Brian was born and raised in the Kootenays and in his 54 years has truly leveraged all the advantages rural life can deliver. In his early days he was part of the infamous Red Mountain Racers. Through great coaching be became a National Ski Team member at 19 years of age during the Crazy Canuck era but this wouldn’t last long. A bad crash abruptly ended his promising career and left Brian looking for a new exciting path forward.

He chose to become a technology entrepreneur in 1985 and since this time has been involved in over 10 technology Start-Ups and was a founding member of the British Columbia Technology Industry Association. While he spent some of his early career in Vancouver and Silicon Valley getting his tech start he was determined to prove he could build great companies from the rural Kootenays and in 1997 made his move. He has now been doing this for 20 years.

Brian’s biggest success to date was the building of RackForce which he co-founded with Tim Dufour. It became Canada’s largest cloud provider by the time of its sale in 2015. Since this event Brian has had the luxury and time to seek out the next big opportunity which he calls a “moonshot” just to keep him excited.

Brian has been fortunate to recruit his dream team. Tim has rejoined Brian as well as a new to the region tech super star entrepreneur, Pilar Portela. Together, along with significant partners in the region and abroad, they are working on a major strategy to build a rural tech industry around local strengths. Brian will be sharing why he thinks major rural economic development can happen through Tech Industry opportunities and how to do it.



Christopher Horsethief


Christopher Horsethief is a social network analyst and organizational theory consultant specializing in complex social processes, collective intelligence, and post-traumatic community resilience. His professional endeavors have brought diverse theory into practice among several Columbia River Tribes, including the Ktunaxa, Ksanka, Spokane, Colville, and Flathead. The result has been increased efficacy of Indigenous Ways, Native language revitalization, and First Nations mediated culture.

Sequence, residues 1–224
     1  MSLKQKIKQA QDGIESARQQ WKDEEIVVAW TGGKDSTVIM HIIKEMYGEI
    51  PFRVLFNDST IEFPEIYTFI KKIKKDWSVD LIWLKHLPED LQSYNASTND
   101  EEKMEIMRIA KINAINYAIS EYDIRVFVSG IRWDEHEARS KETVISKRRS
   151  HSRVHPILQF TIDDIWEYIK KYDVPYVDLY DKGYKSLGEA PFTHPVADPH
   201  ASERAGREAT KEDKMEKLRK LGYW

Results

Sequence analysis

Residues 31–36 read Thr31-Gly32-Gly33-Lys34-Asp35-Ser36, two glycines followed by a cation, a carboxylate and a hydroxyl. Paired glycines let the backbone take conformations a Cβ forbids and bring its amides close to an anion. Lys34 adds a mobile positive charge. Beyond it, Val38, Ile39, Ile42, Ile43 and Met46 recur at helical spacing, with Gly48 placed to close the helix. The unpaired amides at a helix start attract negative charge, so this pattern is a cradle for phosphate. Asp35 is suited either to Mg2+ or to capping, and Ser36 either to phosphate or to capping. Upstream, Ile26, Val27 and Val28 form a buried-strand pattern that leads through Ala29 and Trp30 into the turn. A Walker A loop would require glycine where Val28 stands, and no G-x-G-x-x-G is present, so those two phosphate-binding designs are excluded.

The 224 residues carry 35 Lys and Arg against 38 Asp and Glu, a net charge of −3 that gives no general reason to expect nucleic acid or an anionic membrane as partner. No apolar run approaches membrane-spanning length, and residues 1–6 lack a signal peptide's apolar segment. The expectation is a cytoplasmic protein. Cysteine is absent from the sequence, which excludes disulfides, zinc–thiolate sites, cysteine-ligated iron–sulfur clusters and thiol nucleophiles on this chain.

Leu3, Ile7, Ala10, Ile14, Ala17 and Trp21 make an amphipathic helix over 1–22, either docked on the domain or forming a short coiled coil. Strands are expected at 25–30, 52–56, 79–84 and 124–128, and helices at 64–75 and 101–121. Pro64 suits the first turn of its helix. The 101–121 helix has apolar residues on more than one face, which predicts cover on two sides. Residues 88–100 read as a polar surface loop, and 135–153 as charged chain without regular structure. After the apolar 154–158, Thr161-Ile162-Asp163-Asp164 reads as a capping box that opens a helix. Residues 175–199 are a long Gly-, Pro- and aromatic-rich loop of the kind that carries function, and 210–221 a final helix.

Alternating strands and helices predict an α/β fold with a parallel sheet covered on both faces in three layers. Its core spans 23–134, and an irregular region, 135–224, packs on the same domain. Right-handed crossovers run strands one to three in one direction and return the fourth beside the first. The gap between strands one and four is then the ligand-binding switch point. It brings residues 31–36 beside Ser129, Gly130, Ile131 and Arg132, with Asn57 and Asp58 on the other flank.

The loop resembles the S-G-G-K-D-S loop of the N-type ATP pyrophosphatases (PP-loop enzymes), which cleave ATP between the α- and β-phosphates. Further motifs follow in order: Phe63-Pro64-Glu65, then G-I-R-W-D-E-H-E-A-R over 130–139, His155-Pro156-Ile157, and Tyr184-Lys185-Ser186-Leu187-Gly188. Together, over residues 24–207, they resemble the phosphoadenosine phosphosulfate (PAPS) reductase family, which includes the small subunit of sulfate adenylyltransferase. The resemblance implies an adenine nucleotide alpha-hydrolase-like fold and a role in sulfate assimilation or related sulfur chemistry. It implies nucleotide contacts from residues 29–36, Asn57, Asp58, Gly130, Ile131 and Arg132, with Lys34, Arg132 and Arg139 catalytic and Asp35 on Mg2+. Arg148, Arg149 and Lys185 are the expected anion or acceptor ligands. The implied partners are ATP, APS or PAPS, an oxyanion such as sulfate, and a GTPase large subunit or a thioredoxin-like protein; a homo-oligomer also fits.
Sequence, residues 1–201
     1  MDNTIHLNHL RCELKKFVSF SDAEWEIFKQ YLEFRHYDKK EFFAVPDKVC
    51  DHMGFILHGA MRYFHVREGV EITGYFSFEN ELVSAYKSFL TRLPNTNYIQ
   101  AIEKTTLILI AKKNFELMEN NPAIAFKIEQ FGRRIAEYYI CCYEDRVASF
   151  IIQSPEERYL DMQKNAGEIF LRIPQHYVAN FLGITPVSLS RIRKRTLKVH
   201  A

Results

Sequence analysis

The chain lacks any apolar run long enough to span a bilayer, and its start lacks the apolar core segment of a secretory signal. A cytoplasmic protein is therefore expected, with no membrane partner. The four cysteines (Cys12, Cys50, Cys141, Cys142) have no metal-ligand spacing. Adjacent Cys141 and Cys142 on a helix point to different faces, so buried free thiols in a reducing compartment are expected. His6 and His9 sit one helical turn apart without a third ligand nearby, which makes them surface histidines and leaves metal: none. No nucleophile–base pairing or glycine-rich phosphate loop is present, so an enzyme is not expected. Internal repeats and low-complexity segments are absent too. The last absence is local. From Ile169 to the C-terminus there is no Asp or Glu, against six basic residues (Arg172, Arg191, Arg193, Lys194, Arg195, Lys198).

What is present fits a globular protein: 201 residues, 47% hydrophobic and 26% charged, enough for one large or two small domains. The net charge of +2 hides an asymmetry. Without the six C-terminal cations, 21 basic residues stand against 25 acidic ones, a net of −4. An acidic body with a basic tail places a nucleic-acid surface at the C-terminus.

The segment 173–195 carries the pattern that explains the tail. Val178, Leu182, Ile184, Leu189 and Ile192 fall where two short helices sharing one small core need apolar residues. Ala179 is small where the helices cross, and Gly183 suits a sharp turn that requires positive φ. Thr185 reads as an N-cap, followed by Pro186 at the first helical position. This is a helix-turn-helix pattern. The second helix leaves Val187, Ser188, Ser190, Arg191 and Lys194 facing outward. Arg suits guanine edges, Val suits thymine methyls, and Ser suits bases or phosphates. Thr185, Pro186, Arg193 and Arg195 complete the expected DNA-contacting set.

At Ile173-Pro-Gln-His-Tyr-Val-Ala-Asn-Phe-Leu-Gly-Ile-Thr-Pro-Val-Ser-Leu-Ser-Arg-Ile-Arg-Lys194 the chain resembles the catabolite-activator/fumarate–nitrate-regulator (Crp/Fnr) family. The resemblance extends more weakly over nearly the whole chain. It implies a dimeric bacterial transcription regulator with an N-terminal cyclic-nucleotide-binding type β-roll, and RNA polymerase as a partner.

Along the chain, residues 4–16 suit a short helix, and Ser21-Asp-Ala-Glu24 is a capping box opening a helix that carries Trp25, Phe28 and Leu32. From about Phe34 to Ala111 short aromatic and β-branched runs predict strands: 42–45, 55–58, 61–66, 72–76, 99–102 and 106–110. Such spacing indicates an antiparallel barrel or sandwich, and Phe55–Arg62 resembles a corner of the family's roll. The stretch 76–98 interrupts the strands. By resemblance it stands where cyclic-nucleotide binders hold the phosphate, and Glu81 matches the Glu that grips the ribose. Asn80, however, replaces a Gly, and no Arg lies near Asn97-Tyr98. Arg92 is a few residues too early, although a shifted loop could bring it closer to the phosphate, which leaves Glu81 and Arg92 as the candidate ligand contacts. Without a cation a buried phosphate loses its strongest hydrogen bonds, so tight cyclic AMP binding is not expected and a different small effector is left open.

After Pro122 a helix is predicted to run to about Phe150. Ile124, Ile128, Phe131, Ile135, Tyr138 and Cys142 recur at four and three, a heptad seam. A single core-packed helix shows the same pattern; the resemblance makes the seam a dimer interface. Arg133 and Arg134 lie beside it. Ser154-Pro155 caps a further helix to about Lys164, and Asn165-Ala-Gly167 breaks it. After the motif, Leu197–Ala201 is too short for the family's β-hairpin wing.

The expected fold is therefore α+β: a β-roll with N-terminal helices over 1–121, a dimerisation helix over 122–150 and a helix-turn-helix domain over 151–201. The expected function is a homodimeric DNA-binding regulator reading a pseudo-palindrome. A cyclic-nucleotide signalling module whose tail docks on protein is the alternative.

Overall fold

Christopher received a B.A. in Interdisciplinary Studies from Western Washington University’s Fairhaven College, a M.A in Applied Economics from Washington State University’s School of Economic Sciences, and a Ph.D. from Gonzaga University’s Doctoral Program in Leadership Studies. His research has consistently explored functional similarities and divergences between Indigenous Ways of Knowing and the Western Scientific Method. Most recently he joined the faculty in Union Institute and University’s Doctoral Program in Interdisciplinary Studies where he is teaching courses in complexity science, collective problem-solving, and the emergence of leadership.

His research interests include identifying long tail and scale-free distributions in social network architectures, describing their facilitation of resource pathway redundancies, post-fragmentation network alignment, and social network intelligence. His research interests specific to leadership include exploration of the functional overlaps between leadership as a process of unifying energies for common goals, collective intelligence as collaborative cognition in light of common problems, and social network intelligence as coordinated and distributed problem-solving agency. His current research initiatives include the use of statistical and social data to instantiate complex emergence and creation of meta-agents to facilitate organizational cognition.


Photo credits: On the move partnership, Terrance Clifford Photography